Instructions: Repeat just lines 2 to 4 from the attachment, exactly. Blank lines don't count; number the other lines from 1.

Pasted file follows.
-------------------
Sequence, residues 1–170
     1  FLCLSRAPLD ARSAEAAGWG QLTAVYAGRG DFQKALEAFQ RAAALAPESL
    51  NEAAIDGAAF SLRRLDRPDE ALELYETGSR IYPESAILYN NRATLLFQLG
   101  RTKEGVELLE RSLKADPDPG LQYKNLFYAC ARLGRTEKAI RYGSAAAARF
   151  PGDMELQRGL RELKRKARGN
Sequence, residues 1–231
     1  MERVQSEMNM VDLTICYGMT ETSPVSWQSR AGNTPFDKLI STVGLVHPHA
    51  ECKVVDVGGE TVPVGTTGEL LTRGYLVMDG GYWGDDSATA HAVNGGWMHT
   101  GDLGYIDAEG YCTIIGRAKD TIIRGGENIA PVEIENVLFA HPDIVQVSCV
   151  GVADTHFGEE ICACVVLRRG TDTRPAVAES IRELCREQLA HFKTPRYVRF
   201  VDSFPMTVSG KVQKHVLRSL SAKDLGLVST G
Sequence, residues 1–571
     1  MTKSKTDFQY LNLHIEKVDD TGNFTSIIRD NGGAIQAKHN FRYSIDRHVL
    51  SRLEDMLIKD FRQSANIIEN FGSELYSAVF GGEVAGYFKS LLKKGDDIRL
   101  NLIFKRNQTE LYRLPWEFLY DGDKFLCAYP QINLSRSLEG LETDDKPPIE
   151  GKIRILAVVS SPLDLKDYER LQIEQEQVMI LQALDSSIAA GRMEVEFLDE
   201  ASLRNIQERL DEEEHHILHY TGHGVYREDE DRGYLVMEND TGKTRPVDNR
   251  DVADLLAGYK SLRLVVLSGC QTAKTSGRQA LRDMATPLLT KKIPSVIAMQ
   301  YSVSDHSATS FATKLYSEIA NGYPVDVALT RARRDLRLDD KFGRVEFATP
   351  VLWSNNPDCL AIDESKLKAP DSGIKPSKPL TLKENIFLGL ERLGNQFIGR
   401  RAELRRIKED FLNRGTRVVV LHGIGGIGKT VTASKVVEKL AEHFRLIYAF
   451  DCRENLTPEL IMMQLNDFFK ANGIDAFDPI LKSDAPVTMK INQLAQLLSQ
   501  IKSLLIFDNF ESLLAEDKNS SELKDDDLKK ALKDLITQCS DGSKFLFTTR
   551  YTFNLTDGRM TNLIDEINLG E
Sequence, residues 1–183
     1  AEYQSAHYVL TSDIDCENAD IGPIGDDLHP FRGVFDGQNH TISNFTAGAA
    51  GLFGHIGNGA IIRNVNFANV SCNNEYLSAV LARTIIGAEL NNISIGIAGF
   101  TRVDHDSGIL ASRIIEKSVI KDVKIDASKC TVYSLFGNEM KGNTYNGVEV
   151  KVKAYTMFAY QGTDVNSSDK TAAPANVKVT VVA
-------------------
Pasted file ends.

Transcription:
     1  FLCLSRAPLD ARSAEAAGWG QLTAVYAGRG DFQKALEAFQ RAAALAPESL
    51  NEAAIDGAAF SLRRLDRPDE ALELYETGSR IYPESAILYN NRATLLFQLG
   101  RTKEGVELLE RSLKADPDPG LQYKNLFYAC ARLGRTEKAI RYGSAAAARF